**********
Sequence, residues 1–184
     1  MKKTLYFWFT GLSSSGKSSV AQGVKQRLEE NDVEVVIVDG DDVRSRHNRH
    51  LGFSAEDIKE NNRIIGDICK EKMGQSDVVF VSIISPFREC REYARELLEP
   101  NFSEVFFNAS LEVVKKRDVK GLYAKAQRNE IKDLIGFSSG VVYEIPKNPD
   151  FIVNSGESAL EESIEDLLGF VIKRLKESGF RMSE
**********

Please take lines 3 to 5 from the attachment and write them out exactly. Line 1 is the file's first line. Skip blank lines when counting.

    51  LGFSAEDIKE NNRIIGDICK EKMGQSDVVF VSIISPFREC REYARELLEP
   101  NFSEVFFNAS LEVVKKRDVK GLYAKAQRNE IKDLIGFSSG VVYEIPKNPD
   151  FIVNSGESAL EESIEDLLGF VIKRLKESGF RMSE